Additionally, they are attempting to mislead BU by presenting information about Jamaica’s economy in 2001, implying that Barbados faces a similar fate in 2018……..without understanding the variables involved.

    In 1979, Jamaica became the first Caribbean country to obtained assistance from the IMF to address balance of payments imbalances. These imbalances were primarily caused by the 1970s oil crisis. Additionally, A government imposed a levy on bauxite caused producers to “down scale” bauxite production, resulting in decreased revenues. In an attempt to maintain its previous spending levels, Government responded by borrowing from the central bank and extra-regional financial institutions.

    In 1975, Jamaica had US$120M in reserves, which were significantly reduced to US$30M in 1977, until the island “ran out” of reserves. Government imposed a series controls aim at stemming the outflow of reserves, resulting in a “large parallel foreign exchange market.” Unfortunately, government was forced to devalue the Jamaican dollar. During the 1980s, Jamaica was faced with a severe foreign exchange crisis, social and political tensions, a decrease in output and increasing levels of inflation.

    Between the end of 1987 and May 1988, the Jamaican dollar had been devalued by 95%, and continuing into 1990s, the currency was repeatedly devalued in an effort to improve on the competitiveness of domestic exports. In addition, the external debt steadily increased throughout the 1980s to as high as US$4.5B, or 125% of GDP, in 1989.

    Barbados’ present economic situation is by far different from that of Jamaica, at that time……the variable are completely different…..

    ……………and Jamaica’s dollar was devalued BEFORE the island sought assistance from the IMF.

    Therefore, to suggest that the IMF will “guide” Barbados along a similar path to that of Jamaica is ludicrous.


  • Rover up !there is enough blame to go around but it is presumptous of u to expect the dlp supporters to sit with closed mouth as you and other blp yardfowls poised a false narrative soley placing blame on the past govt when auditor general reports during the blp years of plenty highlited the blatant spending on projects and exposed the monies spent on inventory that was never received
    Yes there was also plenty corruption which gave cause for the blp to booted out of office for ten years


  • @Artax

    You forgot to add that the IMF has reinvented itself from the early days.


  • Sir tried posting an aricle this morning dated 2016 The IMF and the destruction of the Jamaica economy and it has not seen the light of day
    What you are presenting has nothing to do with a more current article
    So go sit yuhself down and come wheel again. Or ask David to post my article which he said when to spam ovet 8 hrs


  • Any consideration to devalue the Barbados dollar should follow the recovery of foreign currency held by Barbadian individuals and companies in unauthorized overseas accounts. It would simply be unjust to contribute to a crisis and also benefit from it at the expense of others.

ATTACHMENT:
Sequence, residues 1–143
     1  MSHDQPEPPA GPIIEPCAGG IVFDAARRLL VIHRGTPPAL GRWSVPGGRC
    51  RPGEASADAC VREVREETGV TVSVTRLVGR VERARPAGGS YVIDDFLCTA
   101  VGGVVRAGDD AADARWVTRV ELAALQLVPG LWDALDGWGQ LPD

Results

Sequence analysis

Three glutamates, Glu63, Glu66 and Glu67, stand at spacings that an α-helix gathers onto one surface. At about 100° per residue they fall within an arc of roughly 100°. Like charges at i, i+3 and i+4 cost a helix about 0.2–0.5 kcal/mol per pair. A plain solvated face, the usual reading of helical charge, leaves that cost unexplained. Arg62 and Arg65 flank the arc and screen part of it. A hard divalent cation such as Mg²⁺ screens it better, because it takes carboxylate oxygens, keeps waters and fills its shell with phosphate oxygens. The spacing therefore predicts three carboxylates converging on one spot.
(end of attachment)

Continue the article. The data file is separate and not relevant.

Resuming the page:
• This is an important point. In a market or economy in this instance where there is low or zero confidence flight of foreign exchange will take place. It is known ‘underground’ that a large number of Barbadians hoard US dollars in safety deposits or in Miami account. We have to restore confidence in the economy for people to cash in their US dollars and we have to increase penalties of anybody found with USD accounts on the outside.


  • The Central Bank should also audit the disbursements of foreign currency in cash by the banks.


  • David i dare u to go to the spam bucket and retreive the article i tried posting 3 times so readers can assessed and formed a decision out of biases


  • These “alarmists” have conveniently or purposely chosen to forget that Jamaica has made significant progress in restoring economic stability since 2013, supported by an IMF Extended Fund Facility (EFF), which expired in April 2017.

    However, because economic growth fell short of the desired expectations and unacceptable levels of unemployment and poverty, the government cancelled the EEF and entered into a new 3 year Stand-By Arrangement(SBA) with the IMF. “The government intends to treat this new arrangement as precautionary and do envisage drawing on it unless unanticipated external shocks generate an actual balance of payments need.”

    It is reported that the economic progress Jamaica has achieved so far, they no longer need IMF financing because the island regained access to domestic and international capital markets.

    “With economic stability now restored, the loan supports the administration’s focus on achieving higher growth and jobs to help reduce poverty and improve the living standards of the Jamaican people.”

    Since 2013, Jamaica’s debt to GDP ratio has been reduced from 145% to GDP to approximately 120%.


  • The downside to this dance with IMF…those who can legally do so, will leave their money off island until they see how and where this pendulum swings…

    ..those who are illegally hoarding money outside in foreign accounts, especially money stolen from pensioners and the treasury in various scams…should be hunted down and all their assets and accounts frozen..

    There are more than enough agencies with lots of resources to engage in this exercise.


  • Ghee whiz who u trying to fool Jamaica debt is still a nightmare because of revolving loans from the IMF. Who wants to be indebted to a program and not see the light of day.Not to point out the socio decay that has become part and parcel from the IMF intervention